Just wondering out loud - where will this all lead?
A few questions I have are:
1. What will victory look like?
2. What is Thaksin's future role?
3. Why has it taken Thaksin so long to start talking?
4. Is Thaksin really into the spirit of democracy?
5. If there is a dissolution, who will be the next PM
6. How will the cycle of protests ever end?
Clarification: The above questions are posed to a hypothetical scenario under which the current 'red' shirts achieve 'victory'.
I'm really struggling to come up with the answers to #1 and #2 because it sounds like the Reds basically want to turn back the clock to 2005/06 pre coup days - Does that mean victory means more tax havens, nominees, extra-judicial killings, manipulations of the institutions, and subversion of checks and balances???
I think the answer to #3 is fairly obvious - Thaksin only started talking because he was running out of options, and saw this as his last opportunity to make a push to get back the money.
I also don't think we should discount the 'loss of face' motivation - from my observations of Thai politics over two decades, avoidance of loss of face seems to rank right up there with that other motivating force for politicians: Greed.
For some reason, amongst politicians, especially the Thai variety, loss of face is seen as a sign of weakness, when in other circles the ability to admit mistakes is seen as a strength.
If the 'greed' and 'aversion to loss of face' characteristics were not so strong, then it seems fairly obvious that Thaksin would still be in power.
(although whether he would have got there in the first place without those motivators is another question!)
Unfortunately Thaksin has taken a long time to learn that lesson (if he has at all) and his two puppet PM successors also met similar fates due in no small part to failing to concede anything for fear of losing face/appearing weak.
Now Abhisit is walking the same path, when if only he had conceded on some points (like getting rid of Kasit for instance), then Thaksin would have found it much harder to garner mass support for the current uprising.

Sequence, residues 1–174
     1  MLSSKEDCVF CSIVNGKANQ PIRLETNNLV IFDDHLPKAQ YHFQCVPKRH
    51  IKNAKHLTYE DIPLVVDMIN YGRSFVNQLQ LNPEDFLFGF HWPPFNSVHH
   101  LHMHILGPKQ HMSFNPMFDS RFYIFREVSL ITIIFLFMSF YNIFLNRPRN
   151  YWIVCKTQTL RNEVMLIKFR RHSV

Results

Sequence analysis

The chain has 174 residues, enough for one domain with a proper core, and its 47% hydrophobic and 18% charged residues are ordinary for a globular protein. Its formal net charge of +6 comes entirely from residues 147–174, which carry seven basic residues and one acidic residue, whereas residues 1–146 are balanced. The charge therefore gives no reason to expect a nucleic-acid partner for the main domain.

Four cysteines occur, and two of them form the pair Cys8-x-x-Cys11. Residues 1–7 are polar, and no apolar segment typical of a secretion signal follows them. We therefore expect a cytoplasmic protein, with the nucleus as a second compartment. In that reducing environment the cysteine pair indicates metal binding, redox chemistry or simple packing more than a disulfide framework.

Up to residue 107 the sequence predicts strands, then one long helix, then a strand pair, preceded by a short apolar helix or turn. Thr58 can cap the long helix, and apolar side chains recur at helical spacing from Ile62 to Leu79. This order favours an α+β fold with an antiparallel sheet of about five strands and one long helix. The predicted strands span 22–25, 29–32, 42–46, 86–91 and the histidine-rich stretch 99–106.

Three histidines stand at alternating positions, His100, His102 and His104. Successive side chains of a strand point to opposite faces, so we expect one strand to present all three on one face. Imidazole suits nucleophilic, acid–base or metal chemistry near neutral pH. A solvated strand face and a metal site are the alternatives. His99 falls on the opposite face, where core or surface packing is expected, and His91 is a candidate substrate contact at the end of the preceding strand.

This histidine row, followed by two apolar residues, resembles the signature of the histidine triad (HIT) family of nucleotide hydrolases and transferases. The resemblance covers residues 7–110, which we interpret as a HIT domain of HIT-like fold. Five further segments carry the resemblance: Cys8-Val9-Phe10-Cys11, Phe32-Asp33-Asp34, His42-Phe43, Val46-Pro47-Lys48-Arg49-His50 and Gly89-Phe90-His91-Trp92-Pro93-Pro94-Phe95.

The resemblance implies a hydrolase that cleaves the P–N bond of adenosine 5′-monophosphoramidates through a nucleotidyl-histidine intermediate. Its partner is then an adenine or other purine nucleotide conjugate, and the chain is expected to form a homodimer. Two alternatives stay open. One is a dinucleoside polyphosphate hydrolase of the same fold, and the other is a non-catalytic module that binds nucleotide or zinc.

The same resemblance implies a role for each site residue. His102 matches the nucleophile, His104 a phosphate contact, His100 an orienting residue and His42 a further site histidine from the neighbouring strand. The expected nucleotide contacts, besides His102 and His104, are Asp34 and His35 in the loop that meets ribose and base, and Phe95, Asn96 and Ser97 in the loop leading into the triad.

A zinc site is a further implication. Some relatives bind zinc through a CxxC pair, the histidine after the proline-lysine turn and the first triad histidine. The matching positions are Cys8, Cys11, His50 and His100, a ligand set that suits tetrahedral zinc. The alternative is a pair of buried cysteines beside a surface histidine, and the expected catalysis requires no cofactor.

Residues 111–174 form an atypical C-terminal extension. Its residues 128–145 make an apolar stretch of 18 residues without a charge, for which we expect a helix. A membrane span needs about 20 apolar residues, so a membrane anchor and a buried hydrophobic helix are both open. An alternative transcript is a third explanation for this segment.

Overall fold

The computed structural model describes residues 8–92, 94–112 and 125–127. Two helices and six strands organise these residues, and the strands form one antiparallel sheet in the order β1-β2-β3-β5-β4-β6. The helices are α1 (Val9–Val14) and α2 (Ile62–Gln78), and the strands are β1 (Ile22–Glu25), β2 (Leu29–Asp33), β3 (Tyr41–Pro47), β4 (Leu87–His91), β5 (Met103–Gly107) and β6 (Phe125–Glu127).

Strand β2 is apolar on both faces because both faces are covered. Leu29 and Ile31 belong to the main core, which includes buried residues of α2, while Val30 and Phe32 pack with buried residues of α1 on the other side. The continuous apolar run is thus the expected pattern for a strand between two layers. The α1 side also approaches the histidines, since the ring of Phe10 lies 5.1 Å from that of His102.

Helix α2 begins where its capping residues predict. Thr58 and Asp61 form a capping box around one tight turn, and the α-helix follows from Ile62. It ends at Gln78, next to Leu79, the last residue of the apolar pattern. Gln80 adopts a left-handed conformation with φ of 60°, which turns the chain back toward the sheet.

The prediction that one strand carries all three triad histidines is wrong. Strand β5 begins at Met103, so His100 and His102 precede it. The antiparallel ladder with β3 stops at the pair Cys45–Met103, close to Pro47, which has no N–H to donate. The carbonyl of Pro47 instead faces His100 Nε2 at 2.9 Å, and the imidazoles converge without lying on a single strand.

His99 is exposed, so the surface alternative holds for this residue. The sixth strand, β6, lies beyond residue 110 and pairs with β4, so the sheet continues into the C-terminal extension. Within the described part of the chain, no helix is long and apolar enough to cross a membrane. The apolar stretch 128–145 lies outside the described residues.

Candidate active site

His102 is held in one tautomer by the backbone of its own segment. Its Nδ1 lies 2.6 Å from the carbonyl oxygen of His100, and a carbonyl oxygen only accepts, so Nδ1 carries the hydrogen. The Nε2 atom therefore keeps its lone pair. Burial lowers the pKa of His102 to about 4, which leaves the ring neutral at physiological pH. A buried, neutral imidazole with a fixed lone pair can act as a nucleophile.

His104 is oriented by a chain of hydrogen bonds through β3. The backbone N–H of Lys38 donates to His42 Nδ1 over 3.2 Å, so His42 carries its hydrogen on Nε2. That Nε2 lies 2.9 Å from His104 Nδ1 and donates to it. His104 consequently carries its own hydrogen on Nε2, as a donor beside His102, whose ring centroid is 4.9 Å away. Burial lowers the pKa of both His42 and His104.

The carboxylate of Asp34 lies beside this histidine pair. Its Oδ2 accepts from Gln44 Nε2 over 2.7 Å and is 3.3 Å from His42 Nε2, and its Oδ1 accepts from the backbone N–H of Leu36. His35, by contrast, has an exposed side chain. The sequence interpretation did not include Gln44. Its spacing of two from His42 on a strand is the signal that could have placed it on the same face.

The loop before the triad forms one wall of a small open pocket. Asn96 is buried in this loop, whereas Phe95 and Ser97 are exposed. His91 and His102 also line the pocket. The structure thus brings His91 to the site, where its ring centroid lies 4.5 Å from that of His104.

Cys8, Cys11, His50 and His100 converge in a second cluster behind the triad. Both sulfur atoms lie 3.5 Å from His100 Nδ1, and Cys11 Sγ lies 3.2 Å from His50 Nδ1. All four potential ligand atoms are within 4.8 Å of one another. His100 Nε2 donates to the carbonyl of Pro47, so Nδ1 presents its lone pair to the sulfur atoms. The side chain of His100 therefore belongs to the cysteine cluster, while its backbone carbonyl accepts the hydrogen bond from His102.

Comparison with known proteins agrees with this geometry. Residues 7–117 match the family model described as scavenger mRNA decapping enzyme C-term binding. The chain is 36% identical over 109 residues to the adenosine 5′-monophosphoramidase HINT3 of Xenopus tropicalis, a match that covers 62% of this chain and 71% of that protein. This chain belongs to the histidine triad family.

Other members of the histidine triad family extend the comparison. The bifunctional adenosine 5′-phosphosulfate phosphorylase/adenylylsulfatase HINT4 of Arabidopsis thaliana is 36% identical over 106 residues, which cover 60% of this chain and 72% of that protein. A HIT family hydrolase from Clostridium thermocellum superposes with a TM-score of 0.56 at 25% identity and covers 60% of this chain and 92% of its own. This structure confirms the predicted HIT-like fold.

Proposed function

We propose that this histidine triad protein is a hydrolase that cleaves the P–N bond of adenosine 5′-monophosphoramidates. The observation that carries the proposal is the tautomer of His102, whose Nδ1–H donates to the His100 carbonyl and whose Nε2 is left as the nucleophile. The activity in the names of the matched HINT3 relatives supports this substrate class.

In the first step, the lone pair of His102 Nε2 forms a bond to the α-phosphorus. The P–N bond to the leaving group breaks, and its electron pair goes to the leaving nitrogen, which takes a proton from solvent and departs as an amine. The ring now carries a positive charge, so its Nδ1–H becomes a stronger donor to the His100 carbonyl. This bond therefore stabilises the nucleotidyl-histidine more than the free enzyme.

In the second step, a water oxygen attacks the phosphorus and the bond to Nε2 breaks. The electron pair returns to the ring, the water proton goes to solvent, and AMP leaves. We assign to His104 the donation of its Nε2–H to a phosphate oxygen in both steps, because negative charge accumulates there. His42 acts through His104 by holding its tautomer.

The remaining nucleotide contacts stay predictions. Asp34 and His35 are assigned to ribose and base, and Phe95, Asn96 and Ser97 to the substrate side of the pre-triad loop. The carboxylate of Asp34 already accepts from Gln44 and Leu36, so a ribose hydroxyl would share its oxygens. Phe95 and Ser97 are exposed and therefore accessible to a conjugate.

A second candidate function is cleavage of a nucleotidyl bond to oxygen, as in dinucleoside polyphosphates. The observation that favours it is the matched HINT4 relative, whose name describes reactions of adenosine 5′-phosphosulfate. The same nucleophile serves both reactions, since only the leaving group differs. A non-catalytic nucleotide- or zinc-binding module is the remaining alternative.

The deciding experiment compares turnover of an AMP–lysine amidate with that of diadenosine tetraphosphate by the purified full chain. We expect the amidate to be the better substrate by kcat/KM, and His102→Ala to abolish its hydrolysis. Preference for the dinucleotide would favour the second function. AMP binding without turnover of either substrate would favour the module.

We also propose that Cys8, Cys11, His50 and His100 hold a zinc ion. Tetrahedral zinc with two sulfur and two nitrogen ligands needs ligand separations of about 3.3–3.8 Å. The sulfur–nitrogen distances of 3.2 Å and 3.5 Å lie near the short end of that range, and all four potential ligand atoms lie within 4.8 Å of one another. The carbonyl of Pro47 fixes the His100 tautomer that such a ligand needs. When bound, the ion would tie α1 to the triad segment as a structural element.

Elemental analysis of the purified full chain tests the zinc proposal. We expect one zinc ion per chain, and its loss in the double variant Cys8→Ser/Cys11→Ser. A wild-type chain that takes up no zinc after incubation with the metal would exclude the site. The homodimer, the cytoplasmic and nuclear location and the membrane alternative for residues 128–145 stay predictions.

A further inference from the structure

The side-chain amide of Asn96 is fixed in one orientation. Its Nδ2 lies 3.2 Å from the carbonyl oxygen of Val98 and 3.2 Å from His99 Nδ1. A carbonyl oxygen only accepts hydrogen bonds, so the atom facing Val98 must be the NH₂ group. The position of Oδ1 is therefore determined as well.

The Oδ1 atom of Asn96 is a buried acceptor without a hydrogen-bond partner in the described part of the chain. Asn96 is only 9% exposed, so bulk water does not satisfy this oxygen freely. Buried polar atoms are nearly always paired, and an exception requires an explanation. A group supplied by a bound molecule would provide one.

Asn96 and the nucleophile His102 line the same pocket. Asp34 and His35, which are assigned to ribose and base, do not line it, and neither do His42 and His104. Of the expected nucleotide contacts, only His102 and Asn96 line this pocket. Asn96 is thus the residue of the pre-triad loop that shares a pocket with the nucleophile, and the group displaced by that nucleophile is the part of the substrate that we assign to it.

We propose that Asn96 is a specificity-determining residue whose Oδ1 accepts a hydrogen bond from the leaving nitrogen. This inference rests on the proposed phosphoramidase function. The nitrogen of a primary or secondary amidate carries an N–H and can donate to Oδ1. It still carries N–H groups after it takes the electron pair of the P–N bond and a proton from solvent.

IMO, Thaksin had no excuses - with his unassailable electoral superiority he was the master of his own destiny , but Abhisit has been hamstrung by the way he came to power, the GFC, and having the Generals, Prem, Newin, PAD, Reds, Thaksin etc all breathing down his neck has had him walking a tightrope just waiting for the inevitable stumble.
If my answer to question #3 is correct, then the answer to #4 is also obvious.
Who will be the next PM if there are new elections? - you would think it would be a small field with the 111 still banned, but it seems to me the next PM will have to be a puppet of one or other of two prominent members of that banned list.
Whether it is a puppet of Thaksin or Newin will probably depend on how well their respective nominee parties do in the next election.
That leaves the big one: How will the cycle of protests ever end?
If we can extrapolate the motivating forces for the majority of politicians across to the military, business & royalist elites, then neither side will give up unless:
(a) they are adequately compensated under some sort of deal, which also needs to allow them to save face,
(b) they suffer such a crushing defeat that they are obliterated and have no hope of fighting back for decades (if ever).
This time it is unlikely to be the 'reds' that are obliterated, but dismantling the old network without replacing it with a new one, is not what I think Thaksin has in mind.
The above is all my perception of reality, so now here's something to dream about:
- Abhisit realizes that the majority of the Thai electorate want change, and he (they) also realize that going back to Thaksin is a dead end, so he (the Democrats) fully acknowledges the problems and goes to the electorate seeking a mandate to bring about that change, and is rewarded by the electorate (in good faith).
That dream can be added to the one I have about the succession where:
- Having acquired wisdom with maturity, the prince recognizes that his past actions make him unsuitable to be king and he withdraws in favor of his sister. Brother and sister work together to groom the prince’s children for the role after the princess’s reign ends.